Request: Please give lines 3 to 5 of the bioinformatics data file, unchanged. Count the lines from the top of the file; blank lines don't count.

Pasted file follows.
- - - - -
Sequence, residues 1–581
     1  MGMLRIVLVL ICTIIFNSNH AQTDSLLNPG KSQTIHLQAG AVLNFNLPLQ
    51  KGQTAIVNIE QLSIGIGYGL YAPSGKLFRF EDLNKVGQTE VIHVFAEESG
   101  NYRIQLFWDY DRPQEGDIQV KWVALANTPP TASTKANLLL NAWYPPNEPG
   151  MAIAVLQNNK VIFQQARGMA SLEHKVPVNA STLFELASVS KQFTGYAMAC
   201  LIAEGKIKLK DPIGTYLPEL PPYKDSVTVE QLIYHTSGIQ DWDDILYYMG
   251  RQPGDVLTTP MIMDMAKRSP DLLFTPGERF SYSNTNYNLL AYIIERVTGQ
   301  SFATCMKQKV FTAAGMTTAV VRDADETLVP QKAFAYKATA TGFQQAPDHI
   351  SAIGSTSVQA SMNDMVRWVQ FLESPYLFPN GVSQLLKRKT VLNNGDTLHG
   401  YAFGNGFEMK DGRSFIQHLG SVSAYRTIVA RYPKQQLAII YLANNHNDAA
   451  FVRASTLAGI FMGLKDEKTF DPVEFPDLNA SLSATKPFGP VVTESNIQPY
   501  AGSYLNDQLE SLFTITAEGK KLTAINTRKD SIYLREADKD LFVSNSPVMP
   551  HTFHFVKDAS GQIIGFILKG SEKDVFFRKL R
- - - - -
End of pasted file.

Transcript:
    51  KGQTAIVNIE QLSIGIGYGL YAPSGKLFRF EDLNKVGQTE VIHVFAEESG
   101  NYRIQLFWDY DRPQEGDIQV KWVALANTPP TASTKANLLL NAWYPPNEPG
   151  MAIAVLQNNK VIFQQARGMA SLEHKVPVNA STLFELASVS KQFTGYAMAC